In 1968, Mick Jagger and Michael Lindsay-Hogg---director of the Let It Be film and several promo music videos for the Beatles and the Rolling Stones---sat down to brainstorm ideas for a full-length television production that would be unlike typical concert films. Lindsay-Hogg drew a circle on a piece of paper, and an idea was born for a rock and roll circus: two shows featuring the Stones, the Who, Marianne Faithfull, Taj Mahal, Jethro Tull, and John Lennon's supergroup Dirty Mac, with Yoko, Eric Clapton, Jimi Hendrix's drummer Mitch Mitchell, and Keith Richards on bass. That December, the bands played on a circus set in a London TV studio to a live audience.
Unhappy with the resulting footage, Jagger shelved the project, feeling like the Stones' performance wasn’t up to snuff. (They went on early in the morning, and some say Jagger felt upstaged by the Who.) Some film of the concert made it into the 1979 documentary The Kids Are Alright, but much of it was lost until 1989, when it turned up in the Who's private archive. The full concert film eventually premiered in 1996 at the New York Film Festival, where it appeared, wrote Janet Maslin, "straight out of its time capsule," bringing back "the sleek young Stones in all their insolent glory, recalling a time when they ruled the roost." Despite Jagger's misgivings, they really did dominate that circus stage, but the event is notable for a number of other reasons.
Of course, there's the Lennon supergroup, whose performance of his "Yer Blues," sans Yoko (top) is "indispensable," writes Allmusic. That's no overstatement. Clapton's sinuous leads and Mitch Mitchell's busy fills sit beautifully with Lennon's confident delivery. As an added treat, we get a few minutes of goofy banter between Lennon and Jagger before Dirty Mac goes on, and in the video just above, we have additional outtakes with Lennon and Jagger, and a split screen version with multiple camera angles. Rock and Roll Circus also features the only filmed performance of soon-to-be Black Sabbath guitarist Tony Iommi in his tenure with Jethro Tull ("arguably," Maslin says, "the most unbearable band of their day.") You can hear audio of their live, flute-heavy "A Song for Jeffrey" here.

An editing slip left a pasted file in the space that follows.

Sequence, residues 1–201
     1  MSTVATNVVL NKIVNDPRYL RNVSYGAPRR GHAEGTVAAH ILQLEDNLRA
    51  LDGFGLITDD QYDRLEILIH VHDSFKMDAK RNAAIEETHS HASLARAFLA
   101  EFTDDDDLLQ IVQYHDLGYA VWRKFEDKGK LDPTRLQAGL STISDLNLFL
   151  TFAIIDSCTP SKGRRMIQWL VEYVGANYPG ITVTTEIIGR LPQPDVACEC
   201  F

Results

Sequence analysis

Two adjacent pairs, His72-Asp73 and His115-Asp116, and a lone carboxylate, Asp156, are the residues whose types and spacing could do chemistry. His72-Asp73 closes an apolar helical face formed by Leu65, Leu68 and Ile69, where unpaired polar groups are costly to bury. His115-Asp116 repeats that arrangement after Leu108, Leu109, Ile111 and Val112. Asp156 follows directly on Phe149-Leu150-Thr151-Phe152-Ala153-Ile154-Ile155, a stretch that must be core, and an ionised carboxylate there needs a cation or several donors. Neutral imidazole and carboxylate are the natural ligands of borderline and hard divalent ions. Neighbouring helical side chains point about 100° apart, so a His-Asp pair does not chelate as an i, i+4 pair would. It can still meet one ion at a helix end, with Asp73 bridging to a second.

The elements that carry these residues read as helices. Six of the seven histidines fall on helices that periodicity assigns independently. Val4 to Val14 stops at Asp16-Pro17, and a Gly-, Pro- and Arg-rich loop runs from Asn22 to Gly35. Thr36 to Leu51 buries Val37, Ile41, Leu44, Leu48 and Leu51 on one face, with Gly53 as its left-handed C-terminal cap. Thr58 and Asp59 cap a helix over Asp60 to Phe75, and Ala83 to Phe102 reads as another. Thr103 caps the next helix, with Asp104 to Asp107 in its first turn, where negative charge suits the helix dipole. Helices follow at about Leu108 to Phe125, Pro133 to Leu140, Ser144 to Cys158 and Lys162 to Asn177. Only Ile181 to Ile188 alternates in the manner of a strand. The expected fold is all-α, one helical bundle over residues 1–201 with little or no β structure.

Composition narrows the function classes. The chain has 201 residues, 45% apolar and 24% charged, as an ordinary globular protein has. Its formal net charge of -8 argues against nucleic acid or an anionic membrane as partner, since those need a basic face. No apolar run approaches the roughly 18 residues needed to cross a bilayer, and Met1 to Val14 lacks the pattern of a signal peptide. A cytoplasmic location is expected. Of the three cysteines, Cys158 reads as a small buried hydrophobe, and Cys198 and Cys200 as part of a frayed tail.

As amazing as so many of these performances are (Taj Mahal's "Ain't That a Lot of Love" seriously rocks), as Maslin pointed out, the Stones "ruled the roost," and they knew it, even if they had to go on at five in the morning to accommodate difficult setups between acts.
It just so happens that Rock and Roll Circus represents Brian Jones very last gig with the band. (It was not, as Ultimate Classic Rock reports, an earlier show at Empire Pool that May.) He looks particularly unenthused above playing "You Can't Always Get What You Want," and the rest of the band looks exhausted as well---all except Jagger whose "fabulous performance," Maslin writes, "nearly turns this into a one-man show." Just above, see them do "Jumpin' Jack Flash," introduced by Lennon in sign language ("one of two live renditions it ever got with Brian Jones in the lineup," writes Allmusic). You can also see the barroom blues tune "Parachute Woman" here and below, a jumpy, funky "Sympathy for the Devil" (with Spanish subtitles).
To see the full concert---including the Who's quick appearance, more Dirty Mac (with Yoko), and a bunch of sideshow extras---pick up a copy of the Rock and Roll Circus DVD. You can also hear audio excerpts at the Rolling Stones' official website.